Track topics on Twitter Track topics that are important to you
Experiments that alter local climate and measure community- and ecosystem-level responses are an important tool for understanding how future ecosystems will respond to climate change. Here, we synthesized data from 76 studies that manipulated climate and measured plant community responses, and find that most climate change experiments do not correspond to model-projected climate scenarios for their respective regions. This mismatch constrains our ability to predict responses of plant biodiversity and ecosystem functions to climate change, and we conclude with suggestions for a way forward. This article is protected by copyright. All rights reserved.
This article was published in the following journal.
Name: Global change biology
Aquatic and terrestrial organisms are being exposed to a number of anthropogenically-induced environmental stresses as a consequence of climate change. In addition, climate change is altering various ...
Elevated atmospheric CO concentration (eCO ) and climate change may substantially alter soil carbon (C) dynamics and thus feedback to future climate. However, only very few field experiments world-wid...
Increases in nitrogen (N) deposition and ultraviolet-B (UV-B) radiation play an important role in global climate change. Because coarse woody debris (CWD) represents a sizeable proportion of total car...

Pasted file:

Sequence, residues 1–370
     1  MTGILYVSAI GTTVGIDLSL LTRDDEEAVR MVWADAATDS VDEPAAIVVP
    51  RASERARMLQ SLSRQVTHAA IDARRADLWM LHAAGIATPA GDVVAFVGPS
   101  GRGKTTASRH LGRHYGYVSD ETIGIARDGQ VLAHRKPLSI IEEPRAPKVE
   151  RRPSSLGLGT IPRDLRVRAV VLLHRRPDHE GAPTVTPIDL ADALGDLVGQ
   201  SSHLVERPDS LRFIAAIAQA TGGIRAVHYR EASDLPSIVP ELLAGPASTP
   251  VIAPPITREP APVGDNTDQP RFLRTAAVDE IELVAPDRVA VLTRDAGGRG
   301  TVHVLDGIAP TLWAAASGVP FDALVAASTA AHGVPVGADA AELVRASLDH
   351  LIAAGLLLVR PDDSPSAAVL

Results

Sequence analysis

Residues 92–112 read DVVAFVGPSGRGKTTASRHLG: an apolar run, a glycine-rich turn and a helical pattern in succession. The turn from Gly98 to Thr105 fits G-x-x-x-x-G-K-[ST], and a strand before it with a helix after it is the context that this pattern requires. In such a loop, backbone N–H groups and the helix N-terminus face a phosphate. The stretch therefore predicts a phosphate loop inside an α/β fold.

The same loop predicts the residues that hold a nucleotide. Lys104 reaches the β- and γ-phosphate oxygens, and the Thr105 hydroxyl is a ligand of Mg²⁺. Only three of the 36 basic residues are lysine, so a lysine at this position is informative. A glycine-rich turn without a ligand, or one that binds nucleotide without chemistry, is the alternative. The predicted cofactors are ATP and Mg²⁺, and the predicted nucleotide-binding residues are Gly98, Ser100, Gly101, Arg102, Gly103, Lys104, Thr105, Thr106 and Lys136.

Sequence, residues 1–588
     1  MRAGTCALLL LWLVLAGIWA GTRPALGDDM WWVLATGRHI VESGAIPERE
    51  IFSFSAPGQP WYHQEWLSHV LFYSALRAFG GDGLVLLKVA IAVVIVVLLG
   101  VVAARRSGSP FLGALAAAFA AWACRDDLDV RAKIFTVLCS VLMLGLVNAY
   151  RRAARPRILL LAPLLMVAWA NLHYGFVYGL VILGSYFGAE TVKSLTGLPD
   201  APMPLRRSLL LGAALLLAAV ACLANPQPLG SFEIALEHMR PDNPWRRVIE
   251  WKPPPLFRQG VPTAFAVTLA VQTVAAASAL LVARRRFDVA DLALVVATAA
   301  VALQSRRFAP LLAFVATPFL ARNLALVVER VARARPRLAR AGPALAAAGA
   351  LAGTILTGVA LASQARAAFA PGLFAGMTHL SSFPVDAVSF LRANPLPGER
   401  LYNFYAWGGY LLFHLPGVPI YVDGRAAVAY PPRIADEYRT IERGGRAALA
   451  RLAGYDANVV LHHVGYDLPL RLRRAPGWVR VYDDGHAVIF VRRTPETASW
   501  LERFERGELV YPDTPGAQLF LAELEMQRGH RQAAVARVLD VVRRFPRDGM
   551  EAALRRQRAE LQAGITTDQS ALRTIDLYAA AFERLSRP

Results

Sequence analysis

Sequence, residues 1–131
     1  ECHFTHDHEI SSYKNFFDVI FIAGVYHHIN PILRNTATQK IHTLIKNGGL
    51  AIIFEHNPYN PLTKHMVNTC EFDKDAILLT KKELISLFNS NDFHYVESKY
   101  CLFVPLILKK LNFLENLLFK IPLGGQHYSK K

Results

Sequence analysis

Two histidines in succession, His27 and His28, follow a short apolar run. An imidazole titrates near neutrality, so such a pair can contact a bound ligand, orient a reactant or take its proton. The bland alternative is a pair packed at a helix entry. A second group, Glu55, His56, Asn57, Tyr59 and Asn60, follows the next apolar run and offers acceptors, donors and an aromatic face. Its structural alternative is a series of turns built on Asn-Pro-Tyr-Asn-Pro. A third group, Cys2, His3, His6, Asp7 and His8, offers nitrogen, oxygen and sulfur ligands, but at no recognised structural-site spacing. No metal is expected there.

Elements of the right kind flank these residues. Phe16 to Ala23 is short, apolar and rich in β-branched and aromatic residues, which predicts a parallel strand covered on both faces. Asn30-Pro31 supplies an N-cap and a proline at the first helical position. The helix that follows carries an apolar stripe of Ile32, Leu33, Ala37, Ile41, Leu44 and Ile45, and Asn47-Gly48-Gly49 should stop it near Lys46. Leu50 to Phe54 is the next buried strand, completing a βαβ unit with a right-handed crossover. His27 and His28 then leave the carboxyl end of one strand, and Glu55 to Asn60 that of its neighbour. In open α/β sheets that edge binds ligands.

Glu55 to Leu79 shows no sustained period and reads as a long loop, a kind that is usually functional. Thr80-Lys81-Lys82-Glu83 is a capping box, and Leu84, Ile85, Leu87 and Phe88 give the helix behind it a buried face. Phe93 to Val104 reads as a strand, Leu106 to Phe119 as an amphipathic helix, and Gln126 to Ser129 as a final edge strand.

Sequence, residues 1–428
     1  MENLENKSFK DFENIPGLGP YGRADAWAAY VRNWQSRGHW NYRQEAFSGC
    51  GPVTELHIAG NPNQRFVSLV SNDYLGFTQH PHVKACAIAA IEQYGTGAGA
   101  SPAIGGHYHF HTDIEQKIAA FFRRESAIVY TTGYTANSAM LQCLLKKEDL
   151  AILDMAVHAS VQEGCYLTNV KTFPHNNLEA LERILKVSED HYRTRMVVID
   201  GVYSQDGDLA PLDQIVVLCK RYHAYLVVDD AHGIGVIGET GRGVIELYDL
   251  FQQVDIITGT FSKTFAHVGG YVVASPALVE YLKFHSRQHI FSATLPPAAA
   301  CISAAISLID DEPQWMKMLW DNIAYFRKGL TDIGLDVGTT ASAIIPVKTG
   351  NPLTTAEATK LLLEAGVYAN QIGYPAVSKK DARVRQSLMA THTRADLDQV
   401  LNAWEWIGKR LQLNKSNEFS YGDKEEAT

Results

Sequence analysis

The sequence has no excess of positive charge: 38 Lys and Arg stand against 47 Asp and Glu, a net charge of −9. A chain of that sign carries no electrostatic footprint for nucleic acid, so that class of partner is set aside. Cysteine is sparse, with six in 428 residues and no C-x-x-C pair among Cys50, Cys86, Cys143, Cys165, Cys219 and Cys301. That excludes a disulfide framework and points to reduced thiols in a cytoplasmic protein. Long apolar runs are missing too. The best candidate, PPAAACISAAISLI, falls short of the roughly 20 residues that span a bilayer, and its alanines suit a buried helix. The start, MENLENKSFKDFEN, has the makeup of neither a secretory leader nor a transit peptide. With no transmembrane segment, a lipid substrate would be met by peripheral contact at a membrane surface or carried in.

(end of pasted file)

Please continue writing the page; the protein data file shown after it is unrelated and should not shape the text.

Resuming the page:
With biodiversity and rates of climate change among the highest, the eastern Himalaya are critical for understanding the interaction of these two variables. However, there is a dearth of longitudinal ...
Human-induced climate change such as ocean warming and acidification, threatens marine ecosystems and associated fisheries. In the Western Baltic cod stock socio-ecological links are particularly impo...
The aim of the study was to compare the effect of inpatient physiotherapy in a warm climate versus physiotherapy in a colder climate in multiple sclerosis (MS), in both short- and long ter...
A randomized control trial of a videogame intervention to assess and improve school climate.
The aim of this study is to investigate changes in nutrient intake, the human gut microbiota and pesticide excretion in urine when shifting from conventional food habits to sustainable foo...
Urinary iodine concentration (UIC) is the recommended biomarker of iodine status in populations. Yet, the influence of climate on UIC remains unclear. Hot climate may reduce urine volume a...
Background: The increasing effect of environmental, occupational and climate change poses serious global threat for public health. More than half of the world's population, including arou...
Any significant change in measures of climate (such as temperature, precipitation, or wind) lasting for an extended period (decades or longer). It may result from natural factors such as changes in the sun's intensity, natural processes within the climate system such as changes in ocean circulation, or human activities.
A type of climate characterized by insufficient moisture to support appreciable plant life. It is a climate of extreme aridity, usually of extreme heat, and of negligible rainfall. (From McGraw-Hill Dictionary of Scientific and Technical Terms, 4th ed)
An animal or plant species in danger of extinction. Causes can include human activity, changing climate, or change in predator/prey ratios.
A climate characterized by COLD TEMPERATURE for a majority of the time during the year.
A climate which is typical of equatorial and tropical regions, i.e., one with continually high temperatures with considerable precipitation, at least during part of the year. (McGraw-Hill Dictionary of Scientific and Technical Terms, 4th ed)